No group has done more to open minds and expand the parameters of hip-hop than Public Enemy. But as P.E's original fanbase graduated from dorm rooms to mortgages, it largely abandoned the group, holding onto cherished memories of "Fight The Power" and It Takes A Nation Of Millions To Hold Us Back while steadfastly avoiding the group's increasingly low-profile new releases. Public Enemy is the kind of group people talk about in the past tense even though Chuck D and Flavor Flav are not only still together but still releasing new albums, DVDs, and even the occasional embarrassing reality show.

But if hip-hop seems ready to relegate Public Enemy to the dustbin of history, Chuck D is intent on making arguably rap's most important group an integral part of rap's future as well as its past. In addition to being the group's first album of entirely new material since 1999's underrated There's A Poison Going On, New Whirl Odor marks one of the opening volleys in an reported onslaught of 18 Public Enemy releases to hit shelves over the new few years in multiple media. Chuck D can be faulted for many things, but a lack of ambition isn't one of them.

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The self-released Odor seems the beneficiary of total creative freedom when what the Public Enemy frontman really needs is someone to reign him in. Odor could benefit tremendously from a strong-willed Russell Simmons-type advising D not to end the album with an interminable, nearly 12-minute jam ("Superman's Black In The Building") that takes up nearly a quarter of the album. And it sure could use someone admonishing D not to resurrect the forgettable rap-rock fusion of Confrontation Camp on the Professor Griff-produced "What A Fool Believes." For that matter, it could benefit from a whole lot less of Griff, especially in the home stretch. D's voice remains a furious, irrepressible siren of volcanic anger, and there are songs here like the title track that resurrect the righteous boom-bap of vintage P.E. But terrible sequencing buries the highlights and emphasizes the egregious missteps.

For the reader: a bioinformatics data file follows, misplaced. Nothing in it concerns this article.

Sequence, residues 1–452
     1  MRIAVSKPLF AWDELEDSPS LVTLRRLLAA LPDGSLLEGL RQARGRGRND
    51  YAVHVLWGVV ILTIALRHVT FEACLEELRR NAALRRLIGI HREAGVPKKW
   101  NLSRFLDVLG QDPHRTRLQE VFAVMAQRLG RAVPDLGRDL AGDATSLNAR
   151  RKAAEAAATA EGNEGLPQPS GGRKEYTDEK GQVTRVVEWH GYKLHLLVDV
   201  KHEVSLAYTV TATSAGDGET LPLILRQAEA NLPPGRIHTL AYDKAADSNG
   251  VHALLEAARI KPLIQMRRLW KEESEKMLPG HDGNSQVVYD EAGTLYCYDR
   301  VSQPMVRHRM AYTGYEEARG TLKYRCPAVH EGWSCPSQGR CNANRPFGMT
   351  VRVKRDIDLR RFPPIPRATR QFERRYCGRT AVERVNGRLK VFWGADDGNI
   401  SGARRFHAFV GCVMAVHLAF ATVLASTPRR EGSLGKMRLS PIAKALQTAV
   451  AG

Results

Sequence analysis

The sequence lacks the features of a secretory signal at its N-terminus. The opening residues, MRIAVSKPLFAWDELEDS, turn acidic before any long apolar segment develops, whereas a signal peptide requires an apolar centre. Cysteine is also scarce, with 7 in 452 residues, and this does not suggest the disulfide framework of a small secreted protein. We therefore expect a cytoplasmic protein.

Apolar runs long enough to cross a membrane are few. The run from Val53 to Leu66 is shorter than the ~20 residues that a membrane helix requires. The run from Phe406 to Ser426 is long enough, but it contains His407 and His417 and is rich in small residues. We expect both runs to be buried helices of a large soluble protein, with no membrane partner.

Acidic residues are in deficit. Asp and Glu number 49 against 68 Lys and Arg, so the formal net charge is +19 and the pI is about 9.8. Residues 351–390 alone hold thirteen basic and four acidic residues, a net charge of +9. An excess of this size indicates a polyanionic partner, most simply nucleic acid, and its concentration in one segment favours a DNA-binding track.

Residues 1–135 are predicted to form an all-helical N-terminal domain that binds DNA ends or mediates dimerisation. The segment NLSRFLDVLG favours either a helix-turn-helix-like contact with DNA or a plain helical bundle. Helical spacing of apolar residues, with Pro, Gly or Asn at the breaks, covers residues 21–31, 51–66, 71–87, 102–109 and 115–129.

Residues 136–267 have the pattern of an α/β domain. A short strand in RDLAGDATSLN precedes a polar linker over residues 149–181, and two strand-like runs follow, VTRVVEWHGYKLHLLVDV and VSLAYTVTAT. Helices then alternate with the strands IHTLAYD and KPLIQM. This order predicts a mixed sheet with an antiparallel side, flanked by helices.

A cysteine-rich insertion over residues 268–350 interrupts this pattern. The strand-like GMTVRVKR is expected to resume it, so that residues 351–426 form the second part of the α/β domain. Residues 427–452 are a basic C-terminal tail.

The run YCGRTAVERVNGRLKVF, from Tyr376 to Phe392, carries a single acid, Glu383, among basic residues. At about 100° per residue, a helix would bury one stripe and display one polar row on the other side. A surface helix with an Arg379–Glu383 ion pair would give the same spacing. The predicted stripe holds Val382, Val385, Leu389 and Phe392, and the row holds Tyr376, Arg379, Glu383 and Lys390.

Public Enemy has always thrived on engendering passionate responses from fans and detractors alike. So it's got to hurt to have their new album greeted by such a raging tsunami of public indifference. The sad part is that there isn't simply enough superior material here to refute the notion that Public Enemy's days of being the heir to The Clash's "the only band that matters" title are at least a decade behind it.